How to Overhaul and Tune your Carter AFB or

How to Overhaul and Tune your Carter AFB or
Edelbrock EPS Four Barrel Carburetor
©2004 David Kovac, All Rights Reserved, This booklet is intended for the private use of the purchaser,
and may not be reproduced or transmitted by any means, electronic or mechanical, without permission
in writing from the copywrite holder.
Welcome to the AFB/Edelbrock rebuild guide. I set this guide up in four sections. The first section, this
one, is a FAQ type of section, and contains general carburetor and performance information. Section two is
a parts diagram of Carter/Edelbrock 4-barrel carbs. Section three is a step-by-step guide to rebuilding your
carburetor. Section four is a troubleshooting matrix that I have found to be very useful. The reason I set up
this guide, and my Holley guide as well, is because I was never able to find what I was looking for when
rebuilding carburetors. The literature that was out there had either too little info, as in the brochures that
come with the rebuild kits, or way too much, as in some of the SA books available. I tried to come up with
something in the middle. The goal of this guide is not to provide professional level instruction on
carburetor theory, operation and maintenance, but simply to try to explain rebuilding and adjusting
carburetors to the home do-it-yourselfer who might not have alot of experience in dealing with carburetors.
Edelbrock Performer series carburetors are extremely popular, low maintenance carburetors that
have a variety of applications both for street and strip use. Carter AFB carburetors are nearly identical, that
is why I combined the two into a single guide. The real advantage to these carburetors is that they can be
modified and upgraded with a minimum of disassembly.
Do I really need to rebuild my carb?
Many times, I would even say most times, problems related to carburetors are actually problems
with something else. Before you take your carb off and rebuild it, try the following adjustments and see if
they solve the problem.
a) Ignition Timing
b) PCV system
c) Distributor vacuum advance
d) Idle mixture and speed
e) Fuel and fuel filter condition
f) Cylinder compression tests
g) Manifold heat control valve
h) Vacuum line connections
These are all easy checks and may save you quite a bit of work.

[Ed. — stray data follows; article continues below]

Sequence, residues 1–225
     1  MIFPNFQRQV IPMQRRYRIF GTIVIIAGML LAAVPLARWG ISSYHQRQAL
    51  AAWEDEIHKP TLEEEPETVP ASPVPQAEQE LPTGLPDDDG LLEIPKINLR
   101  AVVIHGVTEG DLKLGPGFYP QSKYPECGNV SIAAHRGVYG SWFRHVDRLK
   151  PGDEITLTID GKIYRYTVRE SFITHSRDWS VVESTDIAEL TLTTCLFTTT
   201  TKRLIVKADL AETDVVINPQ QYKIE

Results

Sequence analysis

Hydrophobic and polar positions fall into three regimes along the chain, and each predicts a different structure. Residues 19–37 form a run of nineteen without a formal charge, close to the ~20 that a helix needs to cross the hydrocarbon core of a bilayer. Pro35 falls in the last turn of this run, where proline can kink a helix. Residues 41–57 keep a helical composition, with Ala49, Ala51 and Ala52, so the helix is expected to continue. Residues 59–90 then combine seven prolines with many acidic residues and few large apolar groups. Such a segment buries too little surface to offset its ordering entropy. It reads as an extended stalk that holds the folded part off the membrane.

OK, OK, but I really do need to rebuild my carb, now what?
If you do actually need to rebuild your carburetor, the most important thing you have to have is a
large clear space on which to work. There are many, many parts that need to come off, and having a clean
area in which to organize them will be crucial in not ending up with “extra pieces” at the end of the
operation. In addition, you will need the following:
a) A rebuild kit for your particular carburetor, found at your local auto parts store.
b) A large container of solvent, for cleaning the parts.
c) A couple of different sizes of needle nose pliers.
d) A good set of screwdrivers, possibly with Torx heads.
e) A compressed air source is nice to have to blow out hard to dry places on some parts.
When you rebuild your carburetor, take your time and follow the step-by-step instructions in
Section 3. Clean parts as needed in your solvent, and make sure they are completely dry before
reassembling them. Use all new gaskets when putting your carb back on the engine.
What kind of on engine adjustments can I make to my carburetor?
There are several easy adjustments you can make while the carb is on the vehicle.
a) Idle speed adjustment. Turn the curb idle speed adjustment screw (#58 in the diagram) to either slow
down or speed up the engine RPM at idle. If you have a tachometer, a good rule of thumb is 750 RPM with
the transmission in park. It should drop down to about 500 RPM when you shift into Drive. Go ahead and
play with the idle speed and see what works best for you. It doesn’t hurt anything to experiment. All
adjustments should be made with the engine at full operating temperature.
b) Idle mixture screws. Basically, idle mixture is adjusted by first seating the mixture screws lightly and
then backing them out until a specified engine speed is reached. Turning the screws clockwise seats the
screws and leans the idle mixture. Turning them counter clockwise backs them out and richens the
mixture. Do not over tighten the screws when turning them clockwise or you will damage them and make
proper adjustment impossible. What works best for me is leaning the idle mixture until you notice a drop
in RPM, then back it out a quarter turn. Both screws should be backed out at the same level.
c) Choke. If you have an electric choke, adjust the choke by loosening the 3 screws around the choke
housing and turning the entire housing either clockwise or counter-clockwise. This has the effect of
determining how long the choke is engaged. You will probably have to adjust this from time to time over
the course of the year as the weather changes.
d) Fast idle adjustment screw. Turn this screw (#53 on the diagram) to fine tune the idle RPM when the
choke is engaged. A good Rule of Thumb is between 1500 and 2000 RPM.
e) Calibrating the Pump If you encounter any hesitations or stumbles that do not seem to be related to the
basic metering or have not responded to changes in the basic metering, move the pump drive link (#17 on
the diagram) to one of the holes closer to the carburetor body. This will increase the stroke length of the
plunger and result in more pump delivery.